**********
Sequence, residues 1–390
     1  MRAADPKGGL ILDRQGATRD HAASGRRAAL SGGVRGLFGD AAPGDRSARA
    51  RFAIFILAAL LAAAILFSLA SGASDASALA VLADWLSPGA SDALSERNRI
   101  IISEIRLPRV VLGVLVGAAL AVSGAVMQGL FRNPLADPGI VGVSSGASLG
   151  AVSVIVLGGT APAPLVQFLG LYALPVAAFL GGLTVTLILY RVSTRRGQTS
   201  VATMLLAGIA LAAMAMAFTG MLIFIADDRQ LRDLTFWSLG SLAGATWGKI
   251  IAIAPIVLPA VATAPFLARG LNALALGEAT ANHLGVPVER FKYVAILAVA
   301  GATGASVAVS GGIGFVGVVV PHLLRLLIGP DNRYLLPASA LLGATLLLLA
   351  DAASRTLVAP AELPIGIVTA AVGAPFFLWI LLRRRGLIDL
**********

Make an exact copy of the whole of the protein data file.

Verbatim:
Sequence, residues 1–390
     1  MRAADPKGGL ILDRQGATRD HAASGRRAAL SGGVRGLFGD AAPGDRSARA
    51  RFAIFILAAL LAAAILFSLA SGASDASALA VLADWLSPGA SDALSERNRI
   101  IISEIRLPRV VLGVLVGAAL AVSGAVMQGL FRNPLADPGI VGVSSGASLG
   151  AVSVIVLGGT APAPLVQFLG LYALPVAAFL GGLTVTLILY RVSTRRGQTS
   201  VATMLLAGIA LAAMAMAFTG MLIFIADDRQ LRDLTFWSLG SLAGATWGKI
   251  IAIAPIVLPA VATAPFLARG LNALALGEAT ANHLGVPVER FKYVAILAVA
   301  GATGASVAVS GGIGFVGVVV PHLLRLLIGP DNRYLLPASA LLGATLLLLA
   351  DAASRTLVAP AELPIGIVTA AVGAPFFLWI LLRRRGLIDL